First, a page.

Top 10 Albums of the Year: #9

Shugo Tokumaru - Exit (P-Vine)
Shugo Tokumaru does a fantastic job of creating music that is expansive and filmic while also retaining a definite sense of the smallness of the individual (if that makes sense). This was the case with his last album, L.S.T., and remains the case with Exit. With Exit, Tokumaru further refines the elements that made L.S.T. the joy that it is and condenses his compositions into compact acousti-pop wonders. "Parachute" launches the album like a rocket with sprightly guitar and glockenspiel parts ricocheting off of each other in perfect time as light drums help to keep things together. Tokumaru's singing is, not surprisingly, all in Japanese, but it doesn't really matter. His repetitions of "par-shoo" throughout the song and the final "ah-ah-ah!" that pulls the song into its final instrumental breakdown communicates things just fine. This song is actually very simple (guitar, glock, drums and voice is really all there is to it), but Tokumaru's remarkable musicianship (and probably some multitracking) make this song sound ten feet tall (if something can sound ten feet tall).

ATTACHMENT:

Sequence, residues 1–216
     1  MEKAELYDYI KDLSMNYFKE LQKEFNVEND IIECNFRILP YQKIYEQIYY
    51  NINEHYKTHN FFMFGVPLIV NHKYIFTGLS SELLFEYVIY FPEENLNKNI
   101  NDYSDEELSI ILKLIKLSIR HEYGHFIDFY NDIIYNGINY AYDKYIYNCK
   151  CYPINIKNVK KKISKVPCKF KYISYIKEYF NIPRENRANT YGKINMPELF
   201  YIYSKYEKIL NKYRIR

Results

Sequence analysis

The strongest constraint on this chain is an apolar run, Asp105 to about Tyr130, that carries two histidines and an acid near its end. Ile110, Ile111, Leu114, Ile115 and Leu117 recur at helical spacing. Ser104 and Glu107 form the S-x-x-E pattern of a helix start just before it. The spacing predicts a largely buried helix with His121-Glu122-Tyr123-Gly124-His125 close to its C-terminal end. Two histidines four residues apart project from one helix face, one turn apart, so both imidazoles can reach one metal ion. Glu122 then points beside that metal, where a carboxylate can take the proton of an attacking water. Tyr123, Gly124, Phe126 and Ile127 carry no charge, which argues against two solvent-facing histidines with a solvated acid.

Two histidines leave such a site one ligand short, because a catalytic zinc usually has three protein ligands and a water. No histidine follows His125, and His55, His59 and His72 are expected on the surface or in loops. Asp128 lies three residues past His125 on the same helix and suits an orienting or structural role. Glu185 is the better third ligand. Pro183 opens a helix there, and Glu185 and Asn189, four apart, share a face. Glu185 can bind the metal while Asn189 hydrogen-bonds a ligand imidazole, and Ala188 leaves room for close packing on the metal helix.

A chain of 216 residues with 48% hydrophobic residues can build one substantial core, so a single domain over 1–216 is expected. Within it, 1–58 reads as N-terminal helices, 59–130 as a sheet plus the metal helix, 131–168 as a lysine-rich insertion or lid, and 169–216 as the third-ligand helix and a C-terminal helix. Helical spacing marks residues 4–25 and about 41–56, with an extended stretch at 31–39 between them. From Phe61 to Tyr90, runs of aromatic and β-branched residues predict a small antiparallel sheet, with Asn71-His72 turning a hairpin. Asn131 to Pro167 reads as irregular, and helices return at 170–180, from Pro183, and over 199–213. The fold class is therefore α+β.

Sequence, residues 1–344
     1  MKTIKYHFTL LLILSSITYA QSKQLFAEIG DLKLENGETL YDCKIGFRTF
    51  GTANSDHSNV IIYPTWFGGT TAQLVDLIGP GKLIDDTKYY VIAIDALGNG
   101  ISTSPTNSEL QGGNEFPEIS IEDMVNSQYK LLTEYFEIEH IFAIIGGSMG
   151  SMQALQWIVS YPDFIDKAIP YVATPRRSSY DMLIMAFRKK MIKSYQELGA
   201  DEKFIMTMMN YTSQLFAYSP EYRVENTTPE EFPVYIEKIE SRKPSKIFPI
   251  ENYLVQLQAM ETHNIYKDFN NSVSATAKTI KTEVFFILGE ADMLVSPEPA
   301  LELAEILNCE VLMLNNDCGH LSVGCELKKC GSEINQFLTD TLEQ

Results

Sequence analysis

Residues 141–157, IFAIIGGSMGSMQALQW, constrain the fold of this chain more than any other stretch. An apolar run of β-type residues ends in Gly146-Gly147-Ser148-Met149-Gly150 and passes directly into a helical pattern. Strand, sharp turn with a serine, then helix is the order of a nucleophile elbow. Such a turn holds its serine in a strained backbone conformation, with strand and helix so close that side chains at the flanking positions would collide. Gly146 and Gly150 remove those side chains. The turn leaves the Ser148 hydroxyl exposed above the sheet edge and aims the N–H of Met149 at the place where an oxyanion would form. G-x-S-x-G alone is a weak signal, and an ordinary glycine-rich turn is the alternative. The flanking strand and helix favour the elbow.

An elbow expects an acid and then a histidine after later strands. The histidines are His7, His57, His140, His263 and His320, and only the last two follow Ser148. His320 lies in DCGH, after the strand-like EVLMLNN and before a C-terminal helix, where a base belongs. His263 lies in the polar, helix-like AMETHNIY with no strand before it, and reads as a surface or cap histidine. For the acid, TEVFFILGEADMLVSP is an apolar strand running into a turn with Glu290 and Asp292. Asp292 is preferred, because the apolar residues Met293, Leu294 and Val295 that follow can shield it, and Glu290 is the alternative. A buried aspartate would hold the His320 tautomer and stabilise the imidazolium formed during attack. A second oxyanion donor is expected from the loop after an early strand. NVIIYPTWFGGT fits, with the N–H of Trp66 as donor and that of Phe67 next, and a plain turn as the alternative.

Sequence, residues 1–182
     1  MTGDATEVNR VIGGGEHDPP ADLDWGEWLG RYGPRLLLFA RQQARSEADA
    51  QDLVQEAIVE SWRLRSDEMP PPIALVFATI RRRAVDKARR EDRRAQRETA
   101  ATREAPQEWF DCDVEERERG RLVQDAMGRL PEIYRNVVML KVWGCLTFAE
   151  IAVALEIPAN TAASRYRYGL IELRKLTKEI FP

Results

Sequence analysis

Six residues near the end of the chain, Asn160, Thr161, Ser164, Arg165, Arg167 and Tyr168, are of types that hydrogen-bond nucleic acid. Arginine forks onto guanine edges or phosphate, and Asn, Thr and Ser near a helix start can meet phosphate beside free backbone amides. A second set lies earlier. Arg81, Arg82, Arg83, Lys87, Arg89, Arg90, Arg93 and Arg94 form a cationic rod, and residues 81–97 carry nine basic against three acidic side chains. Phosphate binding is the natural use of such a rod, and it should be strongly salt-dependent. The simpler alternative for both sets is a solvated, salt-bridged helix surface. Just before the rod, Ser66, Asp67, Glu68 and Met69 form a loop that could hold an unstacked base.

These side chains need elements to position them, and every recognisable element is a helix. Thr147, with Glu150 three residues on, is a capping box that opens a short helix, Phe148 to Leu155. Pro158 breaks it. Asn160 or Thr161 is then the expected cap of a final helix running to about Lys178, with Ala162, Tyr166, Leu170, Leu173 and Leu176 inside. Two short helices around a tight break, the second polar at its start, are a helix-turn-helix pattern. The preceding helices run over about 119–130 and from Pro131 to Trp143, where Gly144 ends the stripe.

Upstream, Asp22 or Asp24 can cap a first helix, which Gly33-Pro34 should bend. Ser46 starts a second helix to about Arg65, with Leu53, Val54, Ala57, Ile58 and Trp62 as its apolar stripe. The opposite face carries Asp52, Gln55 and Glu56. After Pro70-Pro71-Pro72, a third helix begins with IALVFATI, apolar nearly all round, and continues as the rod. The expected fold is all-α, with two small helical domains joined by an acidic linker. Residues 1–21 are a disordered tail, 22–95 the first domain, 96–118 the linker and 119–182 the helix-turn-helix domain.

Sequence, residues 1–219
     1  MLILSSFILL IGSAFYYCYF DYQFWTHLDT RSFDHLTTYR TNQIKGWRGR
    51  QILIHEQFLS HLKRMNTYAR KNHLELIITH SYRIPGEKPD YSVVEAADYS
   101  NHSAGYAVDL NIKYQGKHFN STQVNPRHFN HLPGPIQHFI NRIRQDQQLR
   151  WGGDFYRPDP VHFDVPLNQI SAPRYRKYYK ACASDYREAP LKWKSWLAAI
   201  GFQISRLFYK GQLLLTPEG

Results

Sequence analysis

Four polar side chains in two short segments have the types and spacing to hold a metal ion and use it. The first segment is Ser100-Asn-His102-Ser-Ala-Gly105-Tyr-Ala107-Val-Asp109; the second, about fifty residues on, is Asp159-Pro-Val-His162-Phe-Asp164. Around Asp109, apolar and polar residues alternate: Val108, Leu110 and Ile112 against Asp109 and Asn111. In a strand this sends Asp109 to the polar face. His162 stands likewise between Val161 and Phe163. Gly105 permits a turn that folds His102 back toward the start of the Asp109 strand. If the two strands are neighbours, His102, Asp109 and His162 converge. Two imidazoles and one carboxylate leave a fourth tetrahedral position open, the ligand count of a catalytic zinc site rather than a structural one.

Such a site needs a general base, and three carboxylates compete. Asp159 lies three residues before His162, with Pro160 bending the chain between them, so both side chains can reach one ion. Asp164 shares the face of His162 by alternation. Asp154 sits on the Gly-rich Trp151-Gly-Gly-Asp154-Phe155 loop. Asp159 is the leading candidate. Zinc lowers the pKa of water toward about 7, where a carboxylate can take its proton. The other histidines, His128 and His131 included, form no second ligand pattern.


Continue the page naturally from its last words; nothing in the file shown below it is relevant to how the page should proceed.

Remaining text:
"Green Rain" and "Clocca" both feature memorable melodica melodies (or at least that's what it sounds like). "Future Umbrella" and "D.P.O." make for punchy, bright interludes, the latter of the two sounding kind of a like a giddily drunken romp through a toy store. "Sanganichi" and "Hidamari" are some of the mellower, gentler tracks on the album. They sort of clean the listener's head after the more harried instrumentation of some of the other songs. "Wedding" closes the album in style: a gorgeous banjo piece that has just the right amount of twang. If you get the image in your mind, it really does somehow sound like a wedding. Really. Picture it in your mindbrain.
And the songs I didn't mention are all lovely as well. From start to finish Exit has both obvious polish and craft imbued in each song as well as the sort of genuine heart and warmth that one does not often come across in contemporary musics. It is the big full soundtrack to the invisible movie you didn't know you always wanted to see.

No comments: